What is the Communion of Saints?

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What is the Communion of Saints?

Every time we confess our faith using the words of the Apostles Creed, we say together:

We believe in the Holy Spirit,

the holy catholic church,

the communion of saints,

the forgiveness of sins,

the resurrection of the body,

and the life everlasting.

Who is the “communion of saints” we speak of in this ancient Christian creed?

To answer that question, we should consider two points of reference: the usage of the words involved in early Christianity, and the context in which these words are used within the structure of this creed itself.

In Greek, transliterated into the Roman alphabet we use, the words are “agiōn koinōnian.” The first word, agiōn, usually translated as “saints,” is word used widely by Christians simply to refer to other Christians. In Romans 1:7, Paul concludes his opening address to the Christians at Rome by referring to them as “those called saints.” We see this kind of shorthand for Christians used nearly everywhere in the first several centuries, and still in some circles today. It does not refer to any “special Christians,” or those who have had more exemplary lives than others. It just means those on whom the Holy Spirit has been outpoured through the gift of baptism.

The second term, koinōnian, is most commonly translated as fellowship. Wherever it appears, it describes the relationship of those who know each other, whether it refers to other humans or to God (Father, Son, Spirit).  It points the depth of a relationship between those who are “doing life together” in some way. We never find it used in an abstract way in early Christian writings. It doesn’t refer to an organization, for example. It is always about meaningful, real relationships with others.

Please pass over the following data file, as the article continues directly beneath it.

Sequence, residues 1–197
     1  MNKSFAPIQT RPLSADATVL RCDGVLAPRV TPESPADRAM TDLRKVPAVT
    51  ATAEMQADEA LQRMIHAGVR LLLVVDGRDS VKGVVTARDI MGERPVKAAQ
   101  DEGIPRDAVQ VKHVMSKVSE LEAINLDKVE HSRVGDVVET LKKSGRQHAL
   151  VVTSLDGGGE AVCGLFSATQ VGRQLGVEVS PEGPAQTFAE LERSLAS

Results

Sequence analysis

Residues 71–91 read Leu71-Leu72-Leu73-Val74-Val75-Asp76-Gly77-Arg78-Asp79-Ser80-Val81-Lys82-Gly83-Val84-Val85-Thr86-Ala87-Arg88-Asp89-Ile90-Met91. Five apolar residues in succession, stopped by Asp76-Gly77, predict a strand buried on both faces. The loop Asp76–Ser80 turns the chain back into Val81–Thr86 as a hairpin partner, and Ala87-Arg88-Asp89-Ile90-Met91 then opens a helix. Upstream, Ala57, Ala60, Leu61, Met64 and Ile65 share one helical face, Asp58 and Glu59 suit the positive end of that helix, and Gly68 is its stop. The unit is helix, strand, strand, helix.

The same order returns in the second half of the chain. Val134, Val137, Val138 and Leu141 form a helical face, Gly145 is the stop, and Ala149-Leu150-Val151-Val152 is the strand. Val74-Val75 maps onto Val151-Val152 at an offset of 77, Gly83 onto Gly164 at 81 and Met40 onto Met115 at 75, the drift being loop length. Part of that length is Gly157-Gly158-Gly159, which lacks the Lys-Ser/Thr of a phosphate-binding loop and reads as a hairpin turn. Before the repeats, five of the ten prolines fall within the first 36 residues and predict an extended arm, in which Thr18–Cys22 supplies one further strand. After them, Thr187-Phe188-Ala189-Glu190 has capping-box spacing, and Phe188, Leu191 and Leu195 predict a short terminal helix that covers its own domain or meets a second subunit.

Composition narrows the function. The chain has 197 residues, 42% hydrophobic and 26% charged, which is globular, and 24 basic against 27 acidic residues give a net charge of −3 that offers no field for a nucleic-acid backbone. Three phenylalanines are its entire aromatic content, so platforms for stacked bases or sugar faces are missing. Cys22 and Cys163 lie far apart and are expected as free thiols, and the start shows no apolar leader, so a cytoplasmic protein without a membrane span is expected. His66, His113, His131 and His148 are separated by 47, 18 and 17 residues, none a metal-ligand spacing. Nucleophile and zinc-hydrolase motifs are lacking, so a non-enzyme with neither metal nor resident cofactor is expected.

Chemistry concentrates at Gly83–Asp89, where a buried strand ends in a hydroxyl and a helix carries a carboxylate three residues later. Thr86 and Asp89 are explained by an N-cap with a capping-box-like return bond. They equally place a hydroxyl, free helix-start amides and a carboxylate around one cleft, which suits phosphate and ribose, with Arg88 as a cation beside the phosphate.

We do not see these two words (agiōn koinōnian) next to each other, as we have them in the Apostles Creed, in the New Testament as such. But we see enough close parallels with enough consistent use of these words apart from each other, even in the New Testament, that the sense is clear. The “fellowship of saints” are those other Christians with which one is in immediate relationship. It is pointing to the local church, the fellowship of Christians in a particular place and time.

The logic of the third article of the Apostles Creed, quoted above, underscores this. As with the two articles before it (focused respectively on the Father and the Son), this article begins “I place my whole trust into…” It then moves from the most comprehensive (Holy Spirit) to the most particular (forgiveness of sins), and then back out to the more comprehensive (resurrection, life everlasting). The term “holy catholic church” refers to Christians “throughout the whole” (a literal translation of the Greek word katholikēn) of time and space. The “fellowship” or “communion of saints” is the expression of that “whole” reality of church in a particular time and place. It is explicitly within that community that we find ourselves most often experiencing the forgiveness of sins, because it is precisely against these people, with whom we are most regularly in contact, that we sin.

So when we come to the observance of All Saints Sunday, the time of the year when we may talk most about “the communion of saints,” the early church and the Apostles Creed in particular would remind us that what we are really talking about is the community or communion of all Christians we know and interact with most deeply, those of our own local church. This is why so many of our congregations take time in worship that day to remember those within the local church family and those they love who have died in the previous year. Those we remember have been for us, and we for them, an integral part of the communion of saints with whom we have learned the grace and power of forgiveness, and with whom we hope to be resurrected to the life of the age to come.

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